American graphic designer, painter, and art educator Paula Scher has been active and well know in the art scene for four decades. She worked in the recorded business, creating icon album covers. Some of which can still be found today, in recorded stores and on iTunes. She also co founded Koppel & Scher, which they produced identities, packaging, book jackets, and advertising designs. A large portion of her career she has spent as a partner at Pentagram’s New York office. She is also an educator at the School of Visual Art in New York. Among all that Paula Scher has received countless awards and recognition for her work.
She was born in 1948 in Virginia, but grew up in Washington DC and Philadelphia. As a teenager she took class at Corcoran [College of Art and Design] in Washington DC. She later studied Illustration at the Tyler School of Art, in Philadelphia. In 1970 she received her Bachelor of Fine Art degree from Tyler. Though she received training as an illustrator she redirected her constrained on design and typography. In an interview for Eye Magazine John L. Walter asked Paula Scher, “ Did you understand what a designer did?” She said, “No, I was there for drawing and painting. I liked printmaking, but didn’t find myself until I did a course called Graphic Design.
That same year she moved to New York City where she started her career in the record business. She began working at CBS Recorders in their advertising and promotions department. After a short period of time working there she left and joined Atlantics Records. At Atlantics Recorders she was hired as the art director, had a more creative and artistic position. After two years at Atlantic recorders she returned to CBS as the art director there. Paula Scher is credited with designing as many as 150 album covers a year. Some of those iconic album cover designs are Boston, Eric Gale, Leonard Bernstein, Bob James, Bob James and Earl Klugh, Roger Dean and David Howells and Jean-Pierre Rampal and Lily Laskin. Her designs were recognized with four Grammy nominations.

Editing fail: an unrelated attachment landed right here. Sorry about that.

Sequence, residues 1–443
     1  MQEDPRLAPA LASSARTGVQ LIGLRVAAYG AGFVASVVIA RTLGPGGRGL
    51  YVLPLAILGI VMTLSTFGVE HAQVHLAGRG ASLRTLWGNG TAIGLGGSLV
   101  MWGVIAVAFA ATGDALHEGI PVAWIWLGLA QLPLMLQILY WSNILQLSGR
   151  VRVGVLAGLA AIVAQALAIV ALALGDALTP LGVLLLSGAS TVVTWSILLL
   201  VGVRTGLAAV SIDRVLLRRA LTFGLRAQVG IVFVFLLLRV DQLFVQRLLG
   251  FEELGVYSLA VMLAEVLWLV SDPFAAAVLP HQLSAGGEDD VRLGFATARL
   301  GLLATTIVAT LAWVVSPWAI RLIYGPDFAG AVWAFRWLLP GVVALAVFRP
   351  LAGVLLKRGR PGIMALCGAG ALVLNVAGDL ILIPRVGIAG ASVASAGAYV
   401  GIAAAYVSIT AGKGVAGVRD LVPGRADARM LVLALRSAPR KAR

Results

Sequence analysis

In 1938 after working for CBS she left to work on her own. During this time she develop a typographic style based on the teaching and style of Art deco, and Russian Constructivism. Art deco started in France but was very popular in the United States in the roaring twenties. The movement was not based on philosophical or political ideologies, strictly decorative. Using elements of symmetry, simplicity, planarity and elemental repetition. Russian Constructivism’s artwork is broken down to its most basic elements, with themes that are geometrical, experimental, and rarely emotional. Which included artists like Alexander Rodchenko, Tatlin Naum, and El Lissitzky. Influenced and inspired by these two movements Paula Scher developed her typographic style. Which is very colorful, bold and commanding. She uses type as a medium to communicate and also to visual illustrate. Paula Scher stated in an interview that the best advice...